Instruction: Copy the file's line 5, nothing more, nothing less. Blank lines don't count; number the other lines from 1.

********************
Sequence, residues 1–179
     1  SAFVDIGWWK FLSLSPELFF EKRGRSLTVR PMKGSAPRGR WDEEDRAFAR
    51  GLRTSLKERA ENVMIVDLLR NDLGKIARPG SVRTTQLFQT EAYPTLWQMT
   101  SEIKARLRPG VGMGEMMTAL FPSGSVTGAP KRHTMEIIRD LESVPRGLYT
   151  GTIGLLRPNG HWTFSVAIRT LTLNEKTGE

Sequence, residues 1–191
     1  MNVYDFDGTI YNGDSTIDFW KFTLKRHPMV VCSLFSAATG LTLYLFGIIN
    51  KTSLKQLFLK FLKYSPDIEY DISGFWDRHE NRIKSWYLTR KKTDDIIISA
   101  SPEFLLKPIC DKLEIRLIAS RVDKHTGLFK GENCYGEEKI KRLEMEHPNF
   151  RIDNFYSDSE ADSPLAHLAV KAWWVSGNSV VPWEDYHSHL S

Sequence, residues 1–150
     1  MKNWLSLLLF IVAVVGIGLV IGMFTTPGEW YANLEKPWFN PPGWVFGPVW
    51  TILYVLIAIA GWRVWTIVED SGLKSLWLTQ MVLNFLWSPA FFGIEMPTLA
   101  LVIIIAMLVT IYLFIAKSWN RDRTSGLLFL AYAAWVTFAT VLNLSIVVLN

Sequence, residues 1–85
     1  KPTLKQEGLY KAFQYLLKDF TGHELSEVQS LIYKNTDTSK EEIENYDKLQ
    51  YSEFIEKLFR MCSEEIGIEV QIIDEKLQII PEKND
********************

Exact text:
   151  GTIGLLRPNG HWTFSVAIRT LTLNEKTGE